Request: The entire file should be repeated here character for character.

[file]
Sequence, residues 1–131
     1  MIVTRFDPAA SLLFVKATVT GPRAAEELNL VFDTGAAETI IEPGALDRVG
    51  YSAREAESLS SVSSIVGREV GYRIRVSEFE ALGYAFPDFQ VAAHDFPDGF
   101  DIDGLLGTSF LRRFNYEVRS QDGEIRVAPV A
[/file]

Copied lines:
Sequence, residues 1–131
     1  MIVTRFDPAA SLLFVKATVT GPRAAEELNL VFDTGAAETI IEPGALDRVG
    51  YSAREAESLS SVSSIVGREV GYRIRVSEFE ALGYAFPDFQ VAAHDFPDGF
   101  DIDGLLGTSF LRRFNYEVRS QDGEIRVAPV A